Preventing the Risk of Theft on Construction Sites

Security camera at a construction site

As long as there have been construction sites, there have been thieves looking to make off with expensive building materials and valuable intellectual property. Modern industry hasn’t changed this fact, but the avenues these thieves take have evolved. How can business owners prevent or reduce the risk of theft at work sites?

 

1. Hire Certified Security Guards

Not every construction site will call for professional services. If your site contains plenty of highly valuable equipment,  however, it should be a consideration. After all, construction theft is estimated to cost the industry £800M a year, making security assistance well-worth the investment for high-risk sites.

Hiring assistance should include vetting. There’s a difference between security professionals and the kind of person who is willing to sit on a construction site overnight and maybe glance at the monitors every now and then. The latter aren’t going to offer the same sort of coverage and protection that professional security guards can.

Preventing risk of theft means hiring certified and professional security guards. Meet with a few companies and discuss their experience, policies and system of accountability to make sure you hire the service that will provide the best work.

 

2. Carry Out Thorough Background Checks

Labourers with misdemeanours or felonies often deserve second chances, and a career in construction can provide skills training and opportunities that can transform someone’s life. However, due diligence into potential new employees during the hiring process can help employers manage risk on the construction site.

Anyone with convictions for theft or similar crimes on their record could potentially create a security risk for companies trying to prevent on-site theft. Comprehensive background checks are essential, even if hiring managers choose to overlook previous convictions that are unrelated to the concern at hand. Just make sure this is paired with a fair and honest interviewing process.

 

3. Establish and Maintain a Strong Perimeter

Sometimes the most effective tools for preventing theft are the simplest. Create a strong perimeter around the entire job site that allows access for workers and deliveries but is easy to secure against potential threats. A tall fence and some barbed wire are often all it takes to discourage casual thieves who might be looking for an easy score.

This perimeter should also include sensors or cameras that allow security guards to monitor the entire area from a central location.

 

4. Monitor and Record Site Access

People are constantly coming and going from traditional construction sites, which creates a plethora of opportunities for thieves to make off with valuable materials or information. While it is impossible to prevent visitors, it doesn’t have to be a security risk.

Make it a point to record and monitor all site access. Workers should have credentials that allow them access to the job site, and visitors should sign in and out. Recording the make, model and license plate of visiting vehicles can also help keep track of who is supposed to be there.

 

5. Move Equipment Away From High-Risk Areas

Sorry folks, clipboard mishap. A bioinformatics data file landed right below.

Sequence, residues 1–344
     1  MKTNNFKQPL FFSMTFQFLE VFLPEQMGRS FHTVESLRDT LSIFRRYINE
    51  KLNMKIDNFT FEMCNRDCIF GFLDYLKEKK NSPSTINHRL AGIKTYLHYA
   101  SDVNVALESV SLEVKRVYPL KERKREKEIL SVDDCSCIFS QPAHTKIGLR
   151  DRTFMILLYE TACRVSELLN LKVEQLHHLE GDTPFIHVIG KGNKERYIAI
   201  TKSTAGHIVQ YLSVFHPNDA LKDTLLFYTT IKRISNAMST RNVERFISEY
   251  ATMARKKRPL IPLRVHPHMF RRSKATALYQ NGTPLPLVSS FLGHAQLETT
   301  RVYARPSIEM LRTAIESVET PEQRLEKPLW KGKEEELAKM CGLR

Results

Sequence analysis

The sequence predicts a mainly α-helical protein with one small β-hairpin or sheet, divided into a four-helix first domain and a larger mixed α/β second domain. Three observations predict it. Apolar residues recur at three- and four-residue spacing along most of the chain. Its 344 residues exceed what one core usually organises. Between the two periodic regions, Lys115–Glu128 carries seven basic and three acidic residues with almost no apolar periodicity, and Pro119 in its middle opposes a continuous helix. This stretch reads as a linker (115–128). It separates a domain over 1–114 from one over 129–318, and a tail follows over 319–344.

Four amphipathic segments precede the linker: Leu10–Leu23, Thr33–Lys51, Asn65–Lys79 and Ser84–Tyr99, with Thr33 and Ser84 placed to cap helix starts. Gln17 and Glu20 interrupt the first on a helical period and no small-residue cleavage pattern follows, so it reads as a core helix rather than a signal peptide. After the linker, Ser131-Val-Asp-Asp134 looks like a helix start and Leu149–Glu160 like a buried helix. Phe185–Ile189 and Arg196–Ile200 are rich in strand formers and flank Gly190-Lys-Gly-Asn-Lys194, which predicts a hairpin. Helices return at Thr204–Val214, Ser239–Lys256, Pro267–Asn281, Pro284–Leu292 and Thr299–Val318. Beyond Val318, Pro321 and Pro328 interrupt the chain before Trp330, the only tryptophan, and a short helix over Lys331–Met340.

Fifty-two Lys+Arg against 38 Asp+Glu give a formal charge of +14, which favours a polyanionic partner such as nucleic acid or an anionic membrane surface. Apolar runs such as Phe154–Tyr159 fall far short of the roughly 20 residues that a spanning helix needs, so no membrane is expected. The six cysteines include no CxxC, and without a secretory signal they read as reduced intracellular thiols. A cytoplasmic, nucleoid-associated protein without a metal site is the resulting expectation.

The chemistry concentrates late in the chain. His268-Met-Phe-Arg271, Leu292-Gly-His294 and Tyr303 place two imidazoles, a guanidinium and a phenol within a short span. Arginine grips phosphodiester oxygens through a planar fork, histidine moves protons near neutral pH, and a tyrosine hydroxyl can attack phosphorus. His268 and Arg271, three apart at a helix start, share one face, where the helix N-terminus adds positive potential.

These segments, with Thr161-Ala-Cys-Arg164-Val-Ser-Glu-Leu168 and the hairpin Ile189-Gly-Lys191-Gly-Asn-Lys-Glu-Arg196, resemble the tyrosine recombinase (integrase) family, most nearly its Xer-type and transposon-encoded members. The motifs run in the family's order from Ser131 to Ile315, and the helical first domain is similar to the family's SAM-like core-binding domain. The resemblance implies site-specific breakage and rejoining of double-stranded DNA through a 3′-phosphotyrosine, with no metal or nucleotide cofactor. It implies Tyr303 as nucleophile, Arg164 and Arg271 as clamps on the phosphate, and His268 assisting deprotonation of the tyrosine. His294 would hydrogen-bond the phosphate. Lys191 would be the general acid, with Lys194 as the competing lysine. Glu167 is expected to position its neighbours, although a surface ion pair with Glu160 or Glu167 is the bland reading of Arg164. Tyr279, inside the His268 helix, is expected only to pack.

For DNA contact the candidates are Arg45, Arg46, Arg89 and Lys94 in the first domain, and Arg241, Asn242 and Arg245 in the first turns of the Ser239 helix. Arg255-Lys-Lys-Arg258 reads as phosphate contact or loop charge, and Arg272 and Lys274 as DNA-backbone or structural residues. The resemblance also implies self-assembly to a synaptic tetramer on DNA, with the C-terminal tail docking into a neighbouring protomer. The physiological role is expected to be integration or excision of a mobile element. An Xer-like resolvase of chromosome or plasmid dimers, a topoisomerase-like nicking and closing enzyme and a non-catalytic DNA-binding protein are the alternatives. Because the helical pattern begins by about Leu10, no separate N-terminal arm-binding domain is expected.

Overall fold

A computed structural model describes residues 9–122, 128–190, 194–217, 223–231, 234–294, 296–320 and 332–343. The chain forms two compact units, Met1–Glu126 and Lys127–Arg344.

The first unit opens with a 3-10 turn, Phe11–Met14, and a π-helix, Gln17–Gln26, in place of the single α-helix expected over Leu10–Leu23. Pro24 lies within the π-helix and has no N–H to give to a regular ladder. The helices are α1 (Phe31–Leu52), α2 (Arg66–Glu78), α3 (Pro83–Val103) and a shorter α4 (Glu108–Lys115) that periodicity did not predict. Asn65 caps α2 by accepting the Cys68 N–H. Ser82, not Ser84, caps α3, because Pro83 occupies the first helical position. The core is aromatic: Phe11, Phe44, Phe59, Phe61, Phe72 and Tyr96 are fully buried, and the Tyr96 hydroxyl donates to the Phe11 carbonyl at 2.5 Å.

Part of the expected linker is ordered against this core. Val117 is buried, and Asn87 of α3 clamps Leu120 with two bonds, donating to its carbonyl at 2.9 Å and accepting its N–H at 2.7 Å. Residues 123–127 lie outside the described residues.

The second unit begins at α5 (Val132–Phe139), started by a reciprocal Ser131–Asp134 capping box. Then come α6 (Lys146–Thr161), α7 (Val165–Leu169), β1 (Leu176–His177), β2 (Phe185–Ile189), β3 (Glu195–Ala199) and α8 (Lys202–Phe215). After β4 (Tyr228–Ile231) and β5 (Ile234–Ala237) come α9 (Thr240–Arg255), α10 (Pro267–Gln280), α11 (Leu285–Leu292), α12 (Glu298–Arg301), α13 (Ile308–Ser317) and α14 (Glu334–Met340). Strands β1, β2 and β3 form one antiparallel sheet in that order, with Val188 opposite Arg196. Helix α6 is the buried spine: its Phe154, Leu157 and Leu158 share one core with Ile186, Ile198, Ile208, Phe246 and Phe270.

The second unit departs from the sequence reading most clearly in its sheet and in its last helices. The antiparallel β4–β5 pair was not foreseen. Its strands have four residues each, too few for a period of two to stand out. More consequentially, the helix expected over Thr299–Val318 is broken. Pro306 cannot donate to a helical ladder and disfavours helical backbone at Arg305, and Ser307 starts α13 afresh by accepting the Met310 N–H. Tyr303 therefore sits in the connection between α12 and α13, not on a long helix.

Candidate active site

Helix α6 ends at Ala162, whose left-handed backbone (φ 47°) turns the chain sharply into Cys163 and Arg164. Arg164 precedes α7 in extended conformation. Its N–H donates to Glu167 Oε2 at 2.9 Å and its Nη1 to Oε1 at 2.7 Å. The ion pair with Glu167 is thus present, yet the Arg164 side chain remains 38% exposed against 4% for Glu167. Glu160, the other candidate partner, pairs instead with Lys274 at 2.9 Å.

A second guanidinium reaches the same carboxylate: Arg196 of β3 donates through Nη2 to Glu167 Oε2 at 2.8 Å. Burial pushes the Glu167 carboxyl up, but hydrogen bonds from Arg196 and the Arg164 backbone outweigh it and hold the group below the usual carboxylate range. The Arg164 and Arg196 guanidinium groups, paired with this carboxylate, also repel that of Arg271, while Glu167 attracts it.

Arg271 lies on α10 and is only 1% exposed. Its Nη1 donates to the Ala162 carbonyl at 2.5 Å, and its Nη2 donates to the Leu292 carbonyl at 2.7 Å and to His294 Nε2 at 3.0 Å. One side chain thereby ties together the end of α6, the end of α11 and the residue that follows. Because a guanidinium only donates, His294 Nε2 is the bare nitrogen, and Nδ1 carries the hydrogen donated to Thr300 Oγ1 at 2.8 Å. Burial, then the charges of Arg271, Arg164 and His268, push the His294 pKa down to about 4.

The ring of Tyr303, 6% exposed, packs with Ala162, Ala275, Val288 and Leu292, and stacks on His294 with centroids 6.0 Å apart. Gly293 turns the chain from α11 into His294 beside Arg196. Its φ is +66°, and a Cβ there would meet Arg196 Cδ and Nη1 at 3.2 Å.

Construction happens everywhere, even in what might be considered the bad part of town. Leaving important or expensive equipment on the job site could increase the risk that it disappears overnight, no matter how many precautions are in place. Even machines that are offline due to lockout/tagout procedures could vanish because savvy thieves can sell them for parts.

It may increase costs slightly, but moving easily stolen equipment away from high-risk areas can reduce the collective risk of theft.

 

6. Maintain a Comprehensive Inventory

It’s hard to tell what a company has and what might have been stolen if it doesn’t have the slightest clue what was there to begin with. A comprehensive inventory is useful for keeping track of where a piece of equipment is or where it has been used. It can also be a valuable tool for telling supervisors and business owners when and where something has gone missing.

Inventories don’t necessarily need to include every single nail and screw used on a product, but they should consist of all tools and equipment so it’s easier to track when something disappears.

 

7. Stay Aware of Theft Trends

Even secure neighbourhoods can experience theft trends. It’s essential to be aware of these problems in the local area surrounding the job site as well as the state. It can be quiet for a while, only to pick back up again when companies least expect it. It’s important to stay on top of these trends by tracking what sites are being hit and their distance from the company’s current operation.

If things start to move closer to an operational job site, companies can take extra precautions to keep the area safe.

 

8. Mark the Equipment

Sometimes the easiest solutions are also the smartest. Each piece of equipment likely comes with identifying information similar to the VIN on a car.

Marking everything with a unique identifier — such as a logo, serial number or RFID chip — can make it easier to identify stolen equipment if it ends up on the market. It’s not a foolproof method, but it can make it easier for companies to recover stolen equipment.

 

Preventing Theft Is an Ongoing Mission

There will always be someone who wants to make off with a construction company’s hard-earned materials and intellectual property. The practice of preventing theft on job sites never stops. Investing time and money into reducing this risk can save companies a lot of headaches and hassle in the long run.

By Evelyn Long, Editor-in-Chief of Renovated.